It's stunning to think that a sheltered pastor's daughter in Victorian England was capable of such beautiful writing, witty repartee, and insights into human nature. This time through I saw dozens of metaphors. parallels, and incidents of foreshadowing that I never noticed before. If you've never read Jane Eyre, please read no farther because I'll be including spoilers.

I loved it that the previous owner of my copy of Jane Eyre
had marked one of my favorite passages.
My favorite discovery was looking up the meaning of Bridewell, one of Rochester and Blanche's charades in Chapter 18. Oh my word! Is it just a coincidence that Bridewell was the first English prison? Could the reference possibly refer to Rochester as a prisoner in a loveless marriage?

Several rich contrasts hit me for the first time in this reading: Jane visited her dying aunt in the room where she had been sent as a child to ask forgiveness for wrongs she had never done. Eight years later she gives her full and free forgiveness there. Then there were the two horrible Reed sisters vs. St. John's sisters. And both Rochester and Jane disdain the worth of their rivals so much as to not be capable of feeling any real jealousy (Miss Vale's lover and Blanche Ingram respectively.) Both St. John Rivers and Mr. Rochester exert a certain power over Jane. She gladly calls one of them her "master" and retains her own identity in his company, but she says of Rivers, "vivacity in me was distasteful to him. I did not enjoy my servitude."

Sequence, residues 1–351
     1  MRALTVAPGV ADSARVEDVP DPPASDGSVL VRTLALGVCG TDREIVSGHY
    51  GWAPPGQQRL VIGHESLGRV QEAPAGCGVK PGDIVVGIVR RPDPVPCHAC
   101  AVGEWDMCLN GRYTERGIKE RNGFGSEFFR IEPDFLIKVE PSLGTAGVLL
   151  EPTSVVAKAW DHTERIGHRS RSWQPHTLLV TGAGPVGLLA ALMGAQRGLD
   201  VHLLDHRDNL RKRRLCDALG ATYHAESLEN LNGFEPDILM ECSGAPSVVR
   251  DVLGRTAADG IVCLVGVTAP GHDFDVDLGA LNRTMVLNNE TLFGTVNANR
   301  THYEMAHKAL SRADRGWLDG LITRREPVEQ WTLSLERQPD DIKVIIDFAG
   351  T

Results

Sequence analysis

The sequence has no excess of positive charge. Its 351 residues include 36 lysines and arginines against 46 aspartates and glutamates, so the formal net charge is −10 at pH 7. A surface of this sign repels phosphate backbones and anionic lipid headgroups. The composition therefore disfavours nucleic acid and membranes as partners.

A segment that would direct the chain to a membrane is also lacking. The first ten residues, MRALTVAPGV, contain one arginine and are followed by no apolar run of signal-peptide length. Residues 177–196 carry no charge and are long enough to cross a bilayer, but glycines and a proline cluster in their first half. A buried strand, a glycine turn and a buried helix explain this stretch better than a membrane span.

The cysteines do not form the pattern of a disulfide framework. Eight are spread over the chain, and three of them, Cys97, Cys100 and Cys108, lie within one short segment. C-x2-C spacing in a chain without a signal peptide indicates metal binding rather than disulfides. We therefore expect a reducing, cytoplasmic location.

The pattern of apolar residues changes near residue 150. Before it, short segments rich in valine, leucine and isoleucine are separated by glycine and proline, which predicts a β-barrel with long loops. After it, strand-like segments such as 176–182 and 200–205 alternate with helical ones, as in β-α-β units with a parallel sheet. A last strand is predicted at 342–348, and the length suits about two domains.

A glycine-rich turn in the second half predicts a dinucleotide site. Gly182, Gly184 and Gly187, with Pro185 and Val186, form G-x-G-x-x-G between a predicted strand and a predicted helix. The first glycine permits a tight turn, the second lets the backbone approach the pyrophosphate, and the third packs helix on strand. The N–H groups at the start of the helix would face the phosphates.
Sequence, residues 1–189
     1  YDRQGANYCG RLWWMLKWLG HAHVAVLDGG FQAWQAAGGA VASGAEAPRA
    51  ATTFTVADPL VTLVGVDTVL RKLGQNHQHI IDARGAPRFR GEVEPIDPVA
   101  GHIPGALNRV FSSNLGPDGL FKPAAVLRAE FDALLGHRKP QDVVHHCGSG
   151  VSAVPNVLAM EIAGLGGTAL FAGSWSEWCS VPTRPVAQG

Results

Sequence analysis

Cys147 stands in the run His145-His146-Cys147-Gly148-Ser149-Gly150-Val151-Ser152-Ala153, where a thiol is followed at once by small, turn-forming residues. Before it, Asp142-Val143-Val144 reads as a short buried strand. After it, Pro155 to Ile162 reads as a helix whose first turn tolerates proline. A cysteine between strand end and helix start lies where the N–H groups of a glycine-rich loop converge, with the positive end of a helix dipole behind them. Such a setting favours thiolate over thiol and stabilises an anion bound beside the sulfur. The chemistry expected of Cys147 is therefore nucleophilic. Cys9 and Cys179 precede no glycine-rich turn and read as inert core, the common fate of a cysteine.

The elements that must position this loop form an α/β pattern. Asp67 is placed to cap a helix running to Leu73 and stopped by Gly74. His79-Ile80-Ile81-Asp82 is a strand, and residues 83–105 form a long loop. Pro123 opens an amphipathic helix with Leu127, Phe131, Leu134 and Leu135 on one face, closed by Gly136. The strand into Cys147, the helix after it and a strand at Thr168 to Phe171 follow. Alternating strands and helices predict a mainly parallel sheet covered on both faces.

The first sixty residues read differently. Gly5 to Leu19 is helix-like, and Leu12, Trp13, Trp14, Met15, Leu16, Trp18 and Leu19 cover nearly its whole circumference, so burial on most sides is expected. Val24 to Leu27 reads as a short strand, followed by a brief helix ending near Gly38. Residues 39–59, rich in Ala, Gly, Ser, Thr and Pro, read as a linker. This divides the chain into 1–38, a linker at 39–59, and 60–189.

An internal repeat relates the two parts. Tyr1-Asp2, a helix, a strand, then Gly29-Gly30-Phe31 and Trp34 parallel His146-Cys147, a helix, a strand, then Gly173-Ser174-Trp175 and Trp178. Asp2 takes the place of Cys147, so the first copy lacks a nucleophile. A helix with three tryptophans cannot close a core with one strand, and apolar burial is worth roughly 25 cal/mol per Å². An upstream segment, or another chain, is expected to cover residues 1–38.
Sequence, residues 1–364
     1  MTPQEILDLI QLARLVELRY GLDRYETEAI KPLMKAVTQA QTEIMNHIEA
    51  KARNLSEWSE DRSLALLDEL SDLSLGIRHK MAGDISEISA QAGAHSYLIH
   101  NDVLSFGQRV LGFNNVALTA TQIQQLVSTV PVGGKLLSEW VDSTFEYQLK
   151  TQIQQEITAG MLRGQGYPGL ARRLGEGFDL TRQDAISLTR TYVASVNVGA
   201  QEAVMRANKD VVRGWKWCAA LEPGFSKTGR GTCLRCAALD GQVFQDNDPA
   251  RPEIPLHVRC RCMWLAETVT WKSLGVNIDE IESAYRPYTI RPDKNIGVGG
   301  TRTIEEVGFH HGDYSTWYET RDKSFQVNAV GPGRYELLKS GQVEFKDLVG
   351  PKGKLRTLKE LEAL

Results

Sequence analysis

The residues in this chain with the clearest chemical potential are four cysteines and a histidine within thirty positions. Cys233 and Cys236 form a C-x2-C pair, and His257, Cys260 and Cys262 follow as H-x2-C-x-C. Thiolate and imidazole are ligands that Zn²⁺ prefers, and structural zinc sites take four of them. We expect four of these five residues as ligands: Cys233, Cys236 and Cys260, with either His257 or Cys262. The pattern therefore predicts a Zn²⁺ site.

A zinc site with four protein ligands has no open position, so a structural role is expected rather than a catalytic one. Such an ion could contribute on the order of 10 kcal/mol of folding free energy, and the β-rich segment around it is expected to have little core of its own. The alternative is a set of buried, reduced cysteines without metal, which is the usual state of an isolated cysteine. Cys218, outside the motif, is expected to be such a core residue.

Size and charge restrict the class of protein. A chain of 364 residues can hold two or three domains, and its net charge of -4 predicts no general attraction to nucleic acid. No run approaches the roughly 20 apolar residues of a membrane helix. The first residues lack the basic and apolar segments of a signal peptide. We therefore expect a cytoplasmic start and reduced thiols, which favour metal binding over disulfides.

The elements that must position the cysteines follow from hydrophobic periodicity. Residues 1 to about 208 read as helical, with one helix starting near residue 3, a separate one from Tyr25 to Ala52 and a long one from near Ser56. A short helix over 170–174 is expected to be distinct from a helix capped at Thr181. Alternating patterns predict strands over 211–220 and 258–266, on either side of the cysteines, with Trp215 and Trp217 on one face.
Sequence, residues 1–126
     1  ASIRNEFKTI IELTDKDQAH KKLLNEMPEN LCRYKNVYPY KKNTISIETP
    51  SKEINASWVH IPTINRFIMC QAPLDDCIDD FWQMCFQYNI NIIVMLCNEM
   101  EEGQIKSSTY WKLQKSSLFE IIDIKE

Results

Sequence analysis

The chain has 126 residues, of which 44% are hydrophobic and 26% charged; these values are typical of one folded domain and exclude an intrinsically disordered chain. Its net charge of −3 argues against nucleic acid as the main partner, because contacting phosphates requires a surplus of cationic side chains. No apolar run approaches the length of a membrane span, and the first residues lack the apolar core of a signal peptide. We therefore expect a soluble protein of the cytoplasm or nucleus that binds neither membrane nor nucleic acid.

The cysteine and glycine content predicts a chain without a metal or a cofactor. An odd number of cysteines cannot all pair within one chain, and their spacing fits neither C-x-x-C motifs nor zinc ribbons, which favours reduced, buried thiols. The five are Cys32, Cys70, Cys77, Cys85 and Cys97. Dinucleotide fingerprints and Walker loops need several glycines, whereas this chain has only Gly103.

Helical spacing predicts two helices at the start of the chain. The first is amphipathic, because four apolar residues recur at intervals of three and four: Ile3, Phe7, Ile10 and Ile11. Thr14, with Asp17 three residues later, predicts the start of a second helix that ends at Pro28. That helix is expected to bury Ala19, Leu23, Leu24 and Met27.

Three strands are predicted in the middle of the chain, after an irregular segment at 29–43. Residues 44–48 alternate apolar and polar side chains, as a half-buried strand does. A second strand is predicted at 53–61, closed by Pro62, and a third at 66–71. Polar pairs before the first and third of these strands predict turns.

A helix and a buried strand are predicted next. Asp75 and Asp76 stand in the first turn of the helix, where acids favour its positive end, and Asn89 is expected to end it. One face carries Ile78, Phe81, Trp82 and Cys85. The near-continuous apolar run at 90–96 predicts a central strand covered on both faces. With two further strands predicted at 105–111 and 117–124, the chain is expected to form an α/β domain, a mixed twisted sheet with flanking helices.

I loved all these revelations because it shows high tightly-knit the story is. It's MUCH more than a  Victorian sensation novel. Someday I'd like to read the annotated version. I'm sure it would reveal even more of Brontë's genius.


Monday, April 3, 2017

Books I read in March

Thanks to the Intentional Christion Reading Challenge at Goodreads, I read three non-fiction books this month. My two favorite fiction titles were Around the World in 80 Days and The Lilac Girl. (both free for Kindle download) Here is a list of all the books...

The Language of Sparrows by Rachel Phifer - better than average Christian fiction
Radical Hospitality: Benedict's Way of Love by Homan and Pratt - reviewed here
Jane Eyre - audiobook, a delightful re-read (for the umpteenth time)
Beyond Opinion by Ravi Zacharias - a thought-provoking book about living the faith we believe, reviewed here
The Elusive Miss Ellison by Carolyn Miller - okay
Around the World in 80 Days - audiobook, reviewed here
Vienna Prelude by the Thoenes - Christian historical fiction/WWII
The Lilac Girl by Barbour - better than average vintage fiction (review forthcoming)
Don't Waste Your Life by Piper (review forthcoming)



Thursday, March 30, 2017

Beyond Opinion by Ravi Zacharias